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While the situation is still fluid, judging from the reporting of the Mets pending deal with David Einhorn, it’s a mutually beneficial arrangement for both sides.

According to this NY Times article, in brief and to the best of my understanding, Einhorn is infusing the organization with cash to continue operations and will have the option of purchasing the entire team if the Wilpons lose their case in the Madoff mess. If the Wilpons are able to maintain control of the franchise, Einhorn will keep a minority stake and get his investment money back.

The debate as to the wisdom of this will rage with those knowledgable and not weighing in, but from what’s being publicly divulged, it sounds good for both sides.

As for the reactions to a financial guy buying into the Mets and the attempts by the media, bloggers and fans to “influence” the negotiations in some way (stopping Einhorn; entreating Mark Cuban; “forcing” the Wilpons to sell), here’s my advice: wake up.

Using Fred Wilpon’s comments in the new issue of the New Yorker as a cause célèbre is a convenient way to complete a column and try to exert phantom power, but MLB and the Mets aren’t going to care about the desires of outsiders; they’re not going to pursue Cuban and beg him to buy in because some perceive him to be the answer to the Mets prayers; and they’re not going to shun Einhorn because he’s not “of the right background” as if his genealogy is not adequate to gain his membership card; he’s a Wall Street guy and Wall Street guys are the ones with the money.

And, um, the lauded Rays front office is loaded with Wall Street/financial guys.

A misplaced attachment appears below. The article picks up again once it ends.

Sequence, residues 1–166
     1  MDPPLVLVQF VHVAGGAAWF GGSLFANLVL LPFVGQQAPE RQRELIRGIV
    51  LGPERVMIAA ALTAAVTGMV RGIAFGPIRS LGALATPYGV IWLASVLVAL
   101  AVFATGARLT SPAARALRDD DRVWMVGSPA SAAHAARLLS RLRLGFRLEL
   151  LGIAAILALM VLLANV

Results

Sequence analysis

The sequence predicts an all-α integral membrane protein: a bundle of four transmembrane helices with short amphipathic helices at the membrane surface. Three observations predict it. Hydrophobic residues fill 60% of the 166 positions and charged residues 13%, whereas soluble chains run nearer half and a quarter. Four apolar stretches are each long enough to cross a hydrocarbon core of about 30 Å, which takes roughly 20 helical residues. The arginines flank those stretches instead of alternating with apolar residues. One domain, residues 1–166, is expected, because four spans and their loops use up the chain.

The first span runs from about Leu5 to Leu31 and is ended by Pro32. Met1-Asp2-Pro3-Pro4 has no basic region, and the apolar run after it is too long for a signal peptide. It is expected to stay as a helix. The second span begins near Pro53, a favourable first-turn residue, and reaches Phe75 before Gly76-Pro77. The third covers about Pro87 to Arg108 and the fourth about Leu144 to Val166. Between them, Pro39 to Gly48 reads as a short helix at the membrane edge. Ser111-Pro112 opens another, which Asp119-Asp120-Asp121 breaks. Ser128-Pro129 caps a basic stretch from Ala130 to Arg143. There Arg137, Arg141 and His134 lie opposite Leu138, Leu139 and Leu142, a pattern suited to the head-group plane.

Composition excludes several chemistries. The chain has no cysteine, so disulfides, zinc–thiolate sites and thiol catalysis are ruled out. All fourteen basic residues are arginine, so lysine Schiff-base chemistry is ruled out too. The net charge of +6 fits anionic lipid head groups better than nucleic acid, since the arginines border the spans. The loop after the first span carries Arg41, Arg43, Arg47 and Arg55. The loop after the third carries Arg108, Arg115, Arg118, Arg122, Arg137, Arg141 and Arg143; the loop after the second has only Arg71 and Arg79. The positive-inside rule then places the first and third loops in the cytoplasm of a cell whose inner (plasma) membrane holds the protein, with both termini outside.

I discussed the Wilpon comments last week; you can read that posting here.

As for the Mets current struggles on the field, what were you expecting?

This team isn’t good. They’re not equipped to contend even in the watered down National League; they’re in the toughest division in the NL and plainly and simply do not have the talent to hang with the Marlins, Braves and Phillies throughout the summer. Whether they win 73 games; 78 games; 80 games or whatever is largely irrelevant for 2011.

Mets fans don’t want to hear that; Mets club personnel don’t want to say it; but it just is.

This season is designed for GM Sandy Alderson to reconstitute the club from top-to-bottom; that might include trading Jose Reyes, Carlos Beltran and Francisco Rodriguez. The borderline derangement at the thought of Reyes either being traded or allowed to leave as a free agent is typical of the response which caused prior club regimes to undertake acts that are now retrospectively ludicrous; maneuvers that were done only to accrue the short burst of positivity that comes from doing what the fans and media want.

The problem is that’s how they got into this mess to begin with.